Life was a little rough for young Grace and Mary, a bit hard-scrabble. Their stern father and their illiterate mother who kept to themselves weren’t like other parents. The girls sensed their classmates looked down on them. They were excluded from activities that make a girl feel prom-ish and girly. High school seemed like a club they were never invited to join. When it came time for them to leave home, they wanted to spare their little sisters the pain of not fitting in, so they decided to give the younger girls a parting gift.
Together the older girls made a totem. One night they invited their little sisters to join them in a meeting, saying it had to be a secret because their parents didn’t want outsiders knowing about the family. “We’re going to tell you our history,” Grace said. With great ceremony the older sisters began story weaving. “Our great-grandmother was the daughter of an important chief,” Grace said. Before Grace and Mary left, they told the younger girls of the strength and bravery of their great-grandmother. Of how she had cared for her people. Of how she had persevered no matter how hard life got for her.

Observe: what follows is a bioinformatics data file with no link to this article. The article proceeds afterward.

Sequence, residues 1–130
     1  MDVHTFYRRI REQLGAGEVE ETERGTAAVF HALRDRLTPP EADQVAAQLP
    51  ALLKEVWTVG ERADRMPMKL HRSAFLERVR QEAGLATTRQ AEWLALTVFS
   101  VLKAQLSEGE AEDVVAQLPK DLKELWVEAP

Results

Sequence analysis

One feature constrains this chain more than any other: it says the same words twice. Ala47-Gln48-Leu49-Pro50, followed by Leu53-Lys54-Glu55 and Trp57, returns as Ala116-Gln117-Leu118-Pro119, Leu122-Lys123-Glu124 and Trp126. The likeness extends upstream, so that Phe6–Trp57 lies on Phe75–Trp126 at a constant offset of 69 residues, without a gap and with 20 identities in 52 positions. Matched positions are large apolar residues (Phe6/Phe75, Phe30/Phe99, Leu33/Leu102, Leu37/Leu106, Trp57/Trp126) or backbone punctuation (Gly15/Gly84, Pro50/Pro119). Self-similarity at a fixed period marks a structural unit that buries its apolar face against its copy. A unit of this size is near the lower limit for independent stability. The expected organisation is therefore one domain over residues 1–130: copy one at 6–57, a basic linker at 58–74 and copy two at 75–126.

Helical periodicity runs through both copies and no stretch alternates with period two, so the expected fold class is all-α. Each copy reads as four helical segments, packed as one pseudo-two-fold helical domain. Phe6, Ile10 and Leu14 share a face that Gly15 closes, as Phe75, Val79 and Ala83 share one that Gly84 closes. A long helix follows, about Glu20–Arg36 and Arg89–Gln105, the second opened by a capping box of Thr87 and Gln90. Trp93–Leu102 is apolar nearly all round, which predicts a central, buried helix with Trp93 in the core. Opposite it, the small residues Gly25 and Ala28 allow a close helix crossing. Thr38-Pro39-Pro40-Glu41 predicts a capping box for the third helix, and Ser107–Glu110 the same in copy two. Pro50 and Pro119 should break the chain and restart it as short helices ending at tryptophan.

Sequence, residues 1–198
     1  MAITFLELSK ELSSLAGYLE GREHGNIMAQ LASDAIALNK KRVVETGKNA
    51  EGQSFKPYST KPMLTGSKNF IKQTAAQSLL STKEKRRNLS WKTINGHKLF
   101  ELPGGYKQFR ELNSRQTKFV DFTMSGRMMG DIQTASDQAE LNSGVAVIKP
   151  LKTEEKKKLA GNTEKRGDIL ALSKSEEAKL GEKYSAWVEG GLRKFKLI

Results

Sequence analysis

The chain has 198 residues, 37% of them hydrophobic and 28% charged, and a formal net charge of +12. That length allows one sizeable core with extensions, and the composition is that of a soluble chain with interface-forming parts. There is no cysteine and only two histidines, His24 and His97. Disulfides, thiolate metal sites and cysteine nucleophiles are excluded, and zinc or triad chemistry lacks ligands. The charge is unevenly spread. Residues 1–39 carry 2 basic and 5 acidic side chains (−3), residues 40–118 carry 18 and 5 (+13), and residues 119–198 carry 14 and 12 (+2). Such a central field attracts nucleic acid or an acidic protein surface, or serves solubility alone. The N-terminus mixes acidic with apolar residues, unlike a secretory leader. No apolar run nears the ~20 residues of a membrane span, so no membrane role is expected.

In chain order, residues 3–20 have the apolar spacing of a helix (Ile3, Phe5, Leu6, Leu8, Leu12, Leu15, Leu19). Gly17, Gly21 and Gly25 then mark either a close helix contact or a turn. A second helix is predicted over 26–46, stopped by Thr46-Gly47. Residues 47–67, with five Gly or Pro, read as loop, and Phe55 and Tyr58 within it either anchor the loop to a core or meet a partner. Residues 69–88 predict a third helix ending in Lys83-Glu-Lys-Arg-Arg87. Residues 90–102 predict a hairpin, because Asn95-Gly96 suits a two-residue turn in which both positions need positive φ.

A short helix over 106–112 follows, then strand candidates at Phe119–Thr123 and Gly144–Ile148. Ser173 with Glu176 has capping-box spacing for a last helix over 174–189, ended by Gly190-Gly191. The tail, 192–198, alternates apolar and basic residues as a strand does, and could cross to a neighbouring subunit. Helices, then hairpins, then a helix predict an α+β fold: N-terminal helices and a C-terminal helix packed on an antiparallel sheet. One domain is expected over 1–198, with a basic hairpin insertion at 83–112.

Grace and Mary presented the girls with the totem. “Keep this to remember who you are and what blood flows in your veins,” Grace said. “Always, no matter what anybody says, know what you are capable of."
The stories worked as Grace and Mary had hoped they would. Full of confidence their younger sisters were cheerleaders and homecoming queens. They were joiners and leaders. They lived the happy life Grace and Mary dreamed about when they were in school.
Many years later, one of the younger girls, now a woman with children of her own, called Grace to tell her about the book the P.T.A. was using as a fundraiser. People had contributed stories about family origins, and their story, along with a picture of the totem, was featured. Wasn’t Grace proud?
“You can’t do that,” Grace said.
“It’s done,” said her sister. "Your copy is on the way."
Grace had never confessed the truth to the younger two. “After we left home, we never really talked about things with them. Mary and I were seekers, always exploring the edge. The younger two loved convention. They lived within ‘the box’ and excelled in it. Because we didn’t fit their mold, they were uneasy around us. It was as if we came from different worlds.”